Drivers are feeling squeezed to the point of breaking.
If you haven’t seen your car insurance rates increase in the past year, you’re one of the lucky ones. Most people have experienced at least a modest hike in their premiums, with many getting a big shock when their insurance carrier announced their rates are skyrocketing. With inflation making everyday necessities more expensive, many Americans feel the car insurance situation is pushing them over the financial edge.
That would explain why J.D. Power found a 12 point drop in car insurance customer satisfaction in its annual study. That’s the largest decline the firm has recorded in 20 years. J.D. Power claims that dissatisfaction has led some drivers to sign up for usage-based insurance policies where telematics monitor driver behavior to calculate rates.
Not everyone is signing on for what some consider an invasion of privacy. Considering how unhappy consumers are with insurance companies lately, it’s not hard to imagine why there would be a loss of trust.
The big question so many ask is why car insurance rates have been increasing so much lately? The fact is there are many factors feeding into the current situation, even though some only want to focus on one or two.
One big factor is inflation. If you get in an accident, everything associated with the process is more expensive: car parts, hospital stays, rental car rates, etc. The insurance company must take that into account when calculating rates, so when everything else costs more, your insurance premium must increase as well.
Related to that is the lingering high cost of used cars and vehicle parts. Both are projected to continue decreasing through early next year, but that doesn’t necessarily spell relief right now. With your vehicle technically worth more money, plus the cost of fixing it higher, your insurance costs must account for that.
Crash rates have continued their increase after a lull during the pandemic, including road fatalities. There are many theories about what’s driving this, including more driver distraction, overreliance on driver aids, and increasingly crowded urban roads. When there are more crashes, especially ones involving deaths, insurance companies have to pay out more money.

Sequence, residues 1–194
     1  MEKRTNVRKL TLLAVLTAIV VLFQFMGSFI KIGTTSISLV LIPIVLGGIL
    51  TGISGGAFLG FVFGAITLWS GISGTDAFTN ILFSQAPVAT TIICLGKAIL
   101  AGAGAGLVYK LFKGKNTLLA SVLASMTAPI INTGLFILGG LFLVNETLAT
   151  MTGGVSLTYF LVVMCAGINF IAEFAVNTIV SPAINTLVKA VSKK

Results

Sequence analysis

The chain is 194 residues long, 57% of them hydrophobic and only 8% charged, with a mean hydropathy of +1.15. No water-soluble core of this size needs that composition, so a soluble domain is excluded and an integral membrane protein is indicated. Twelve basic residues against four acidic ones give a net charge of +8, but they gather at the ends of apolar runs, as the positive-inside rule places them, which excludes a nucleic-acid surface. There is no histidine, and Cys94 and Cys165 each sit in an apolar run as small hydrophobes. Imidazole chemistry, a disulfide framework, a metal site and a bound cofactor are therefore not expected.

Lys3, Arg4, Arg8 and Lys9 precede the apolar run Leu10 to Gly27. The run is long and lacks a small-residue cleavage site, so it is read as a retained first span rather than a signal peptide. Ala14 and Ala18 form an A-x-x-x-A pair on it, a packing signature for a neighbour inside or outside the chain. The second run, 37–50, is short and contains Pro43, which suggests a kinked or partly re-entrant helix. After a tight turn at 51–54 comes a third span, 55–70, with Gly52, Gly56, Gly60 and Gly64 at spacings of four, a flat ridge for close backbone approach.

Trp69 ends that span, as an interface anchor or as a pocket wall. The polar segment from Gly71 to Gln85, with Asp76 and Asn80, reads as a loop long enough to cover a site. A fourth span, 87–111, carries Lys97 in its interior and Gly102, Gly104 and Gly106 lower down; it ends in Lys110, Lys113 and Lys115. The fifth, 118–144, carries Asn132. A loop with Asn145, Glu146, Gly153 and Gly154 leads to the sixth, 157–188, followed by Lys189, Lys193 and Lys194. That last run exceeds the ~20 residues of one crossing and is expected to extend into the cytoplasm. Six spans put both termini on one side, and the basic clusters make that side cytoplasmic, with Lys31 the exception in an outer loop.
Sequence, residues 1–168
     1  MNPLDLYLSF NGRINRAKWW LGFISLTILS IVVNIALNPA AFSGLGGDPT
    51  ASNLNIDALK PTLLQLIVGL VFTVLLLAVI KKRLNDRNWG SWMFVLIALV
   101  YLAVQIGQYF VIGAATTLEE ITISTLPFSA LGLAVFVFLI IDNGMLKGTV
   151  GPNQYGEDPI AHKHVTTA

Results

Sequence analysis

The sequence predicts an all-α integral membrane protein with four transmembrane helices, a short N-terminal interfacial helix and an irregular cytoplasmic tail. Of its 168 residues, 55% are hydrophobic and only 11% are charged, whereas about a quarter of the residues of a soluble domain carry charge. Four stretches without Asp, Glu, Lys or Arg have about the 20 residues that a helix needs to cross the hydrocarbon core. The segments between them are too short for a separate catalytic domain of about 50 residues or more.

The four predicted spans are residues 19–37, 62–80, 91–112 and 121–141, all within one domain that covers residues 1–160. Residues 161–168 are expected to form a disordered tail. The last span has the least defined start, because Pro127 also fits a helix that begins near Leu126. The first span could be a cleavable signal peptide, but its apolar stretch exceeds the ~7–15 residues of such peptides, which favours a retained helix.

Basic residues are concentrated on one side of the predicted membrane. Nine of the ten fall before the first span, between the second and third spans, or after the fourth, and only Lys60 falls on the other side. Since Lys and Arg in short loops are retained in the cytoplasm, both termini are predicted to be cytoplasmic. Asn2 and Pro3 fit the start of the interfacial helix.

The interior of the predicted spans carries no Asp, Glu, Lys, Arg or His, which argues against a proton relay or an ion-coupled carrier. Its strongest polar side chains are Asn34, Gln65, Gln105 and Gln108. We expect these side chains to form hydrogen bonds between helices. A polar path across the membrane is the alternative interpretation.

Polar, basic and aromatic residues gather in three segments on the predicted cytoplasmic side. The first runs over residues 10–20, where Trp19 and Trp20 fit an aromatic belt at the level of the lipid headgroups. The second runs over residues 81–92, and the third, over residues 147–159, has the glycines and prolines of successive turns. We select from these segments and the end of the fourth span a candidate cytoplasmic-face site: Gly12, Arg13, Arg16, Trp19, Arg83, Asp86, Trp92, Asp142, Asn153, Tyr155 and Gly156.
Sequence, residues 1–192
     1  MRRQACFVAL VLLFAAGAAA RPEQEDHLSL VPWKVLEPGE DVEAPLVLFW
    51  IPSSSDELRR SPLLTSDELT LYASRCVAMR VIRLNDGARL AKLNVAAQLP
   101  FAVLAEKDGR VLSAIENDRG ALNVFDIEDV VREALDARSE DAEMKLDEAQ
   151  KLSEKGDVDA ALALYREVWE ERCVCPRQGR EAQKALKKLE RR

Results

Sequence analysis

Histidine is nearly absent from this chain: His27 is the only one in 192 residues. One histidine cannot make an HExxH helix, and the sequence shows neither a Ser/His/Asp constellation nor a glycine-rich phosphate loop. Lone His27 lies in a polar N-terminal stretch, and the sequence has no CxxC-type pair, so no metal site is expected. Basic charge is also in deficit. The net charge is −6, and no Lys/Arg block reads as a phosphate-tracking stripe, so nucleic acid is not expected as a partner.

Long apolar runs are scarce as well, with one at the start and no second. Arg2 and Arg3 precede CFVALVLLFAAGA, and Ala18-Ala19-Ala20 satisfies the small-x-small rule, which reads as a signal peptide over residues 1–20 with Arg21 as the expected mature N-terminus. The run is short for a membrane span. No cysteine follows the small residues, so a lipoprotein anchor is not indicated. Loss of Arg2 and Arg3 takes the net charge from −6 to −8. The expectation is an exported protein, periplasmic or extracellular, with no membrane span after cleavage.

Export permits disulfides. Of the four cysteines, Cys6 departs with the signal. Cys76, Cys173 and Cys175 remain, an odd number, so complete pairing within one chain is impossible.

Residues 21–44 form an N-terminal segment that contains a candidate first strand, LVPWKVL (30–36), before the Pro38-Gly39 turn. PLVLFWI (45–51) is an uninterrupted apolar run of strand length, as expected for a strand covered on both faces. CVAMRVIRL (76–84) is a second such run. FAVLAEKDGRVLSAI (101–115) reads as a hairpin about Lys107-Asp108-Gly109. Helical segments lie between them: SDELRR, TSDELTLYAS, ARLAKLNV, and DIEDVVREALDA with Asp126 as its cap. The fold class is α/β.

New cars have more expensive parts, thanks in part to advanced safety sensors embedded in bumper covers, taillights, etc. When those components are damaged the cost of replacement can be multiple times higher than comparable parts on older vehicles.
Car theft and vandalism rates are also up. Everyone has opinions about why this might be, but if you live in an area where more vehicles are being stolen or damaged as they sit, expect the insurance company to increase your rates.
Most consumers don’t realize insurance companies aren’t exactly flush with cash these days. For example, State Farm reported an underwriting loss of $13.2 billion for 2022. Allstate recorded a $974 million underwriting loss for auto insurance last year. The list goes on. That’s why many insurance companies are pushing to increase rates, with some states pushing back. But that doesn’t mean rates in those states aren’t increasing.
If your car insurance rates haven’t increased in the past year or so, you’re fortunate. However, the likelihood is that you will see some type of increase as insurance companies scramble to deal with increasing costs.
Images via Mercedes-Benz, GM, Volvo, Ford